Top Baseball Prospects for 2015
Now updated for 2015's Top Prospects
Scouting Book's Top Prospects list is a Combined List, a calculated summary of the overall valuations of the entire prospect universe.
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SB 40 BA SC BP SN ES ML 47
A 21-year-old righthander who started his college career as a shortstop before being converted to the mound, Oregon native Braden Shipley developed quickly enough to become one of the top pitching prospects from the 2013 draft class. He's moved up quickly because he's commanded his low-90's fastball so well that he hasn't needed much from his (still developing) change and curve yet. Tall, limber and athletic, he looks like just the kind of raw material that many MLB coaches would love to develop into a viable ace.
Full Scouting Report for Braden Shipley
SB 41 BA SC BP SN ES ML 42
A high school outfielder selected fifth overall in 2013's draft, Clint Frazier is a five-tool athlete with an advanced bat for such a young player. Some scouts disparage his small size, but his athleticism and performance rival (and in most cases exceed) his more universally-praised teammate Austin Meadows. A long-term building block for the Indians, he'll be moved slowly, as the team tries to slide all the necessary pieces into place in a coordinated roster rebuild.
Full Scouting Report for Clint Frazier
SB 42 BA SC BP SN ES ML 44
A big, strong strike thrower, Appel was selected eighth overall (Pirates) in the 2012 draft, but didn't sign, allowing him to reenter the 2013 draft, where his hometown Astros flattered him with the #1 overall selection. One of the best pitching prospects in the last few years, he should provide the big anchor the rebuilding Astros so desperately need. He'll be ready in 2014 -- heck, he's ready right now -- but the Astros will do their best to slow down his arbitration clock while they assemble the rest of a competitive team to play behind him.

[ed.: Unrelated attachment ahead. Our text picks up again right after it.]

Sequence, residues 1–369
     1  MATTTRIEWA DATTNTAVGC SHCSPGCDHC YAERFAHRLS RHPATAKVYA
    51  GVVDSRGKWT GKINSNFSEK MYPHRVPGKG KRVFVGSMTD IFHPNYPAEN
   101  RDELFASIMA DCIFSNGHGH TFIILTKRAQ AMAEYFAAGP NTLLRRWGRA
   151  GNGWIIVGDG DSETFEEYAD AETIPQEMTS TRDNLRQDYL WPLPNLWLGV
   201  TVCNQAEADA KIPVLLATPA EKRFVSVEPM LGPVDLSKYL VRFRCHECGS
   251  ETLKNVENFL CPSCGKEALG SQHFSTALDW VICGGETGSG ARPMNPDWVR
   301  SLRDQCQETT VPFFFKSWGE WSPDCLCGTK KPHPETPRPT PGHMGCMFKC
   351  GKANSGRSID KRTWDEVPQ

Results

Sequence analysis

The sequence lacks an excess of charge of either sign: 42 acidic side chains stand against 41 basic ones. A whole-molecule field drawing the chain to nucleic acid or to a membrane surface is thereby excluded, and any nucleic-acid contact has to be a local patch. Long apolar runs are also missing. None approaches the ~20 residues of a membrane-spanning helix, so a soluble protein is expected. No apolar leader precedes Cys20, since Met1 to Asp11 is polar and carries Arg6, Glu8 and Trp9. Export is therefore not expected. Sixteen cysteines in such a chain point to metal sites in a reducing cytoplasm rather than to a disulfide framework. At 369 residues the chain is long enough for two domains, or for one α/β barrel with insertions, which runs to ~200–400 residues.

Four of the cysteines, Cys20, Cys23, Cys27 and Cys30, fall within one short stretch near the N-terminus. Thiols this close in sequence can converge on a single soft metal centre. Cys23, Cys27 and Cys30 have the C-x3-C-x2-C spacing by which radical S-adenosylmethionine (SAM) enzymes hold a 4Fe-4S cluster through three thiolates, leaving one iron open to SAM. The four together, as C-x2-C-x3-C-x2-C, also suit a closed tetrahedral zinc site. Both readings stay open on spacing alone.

Full Scouting Report for Mark Appel
SB 43 BA SC BP SN ES ML 41
One of the most appealing college hitters eligible for the 2013 MLB Draft, DJ Peterson is a hard-hitting third baseman who may end up at first or a corner outfield spot in the future. (Based on the shortage of quality 1B prospects, he seems most likely to wind up there eventually) Peterson won the Mountain West Conference triple crown in 2012, demonstrating that he can bring smooth, easy power on every plate appearance. His hitch-free swing and growing power have him zooming up prospect lists, and for good reason. Selected 12th overall by the Mariners, he immediately became one of the team's top offensive prospects.
Full Scouting Report for DJ Peterson
SB 44 BA SC BP SN ES ML 49
A smart, talented righthander with College World Series experience, ex-LSU Tiger Aaron Nola was drafted by the Phillies in the summer of 2014, and should rise to the team's very top prospect ranks very shortly. He brings a nice, low-90's fastball with great natural sink from a smooth three-quarter arm slot, repeating it effortlessly and commanding both sides of the plate. His changeup might be even better, as he's able to throw it almost anywhere on command, making that fastball seem more frightening than it might look in isolation. His breaking balls aren't as sharp, but assuming the Phillies don't rush him to the Majors (and, really, why should they?) it will have time to catch up to the rest of his game, which is already MLB-caliber.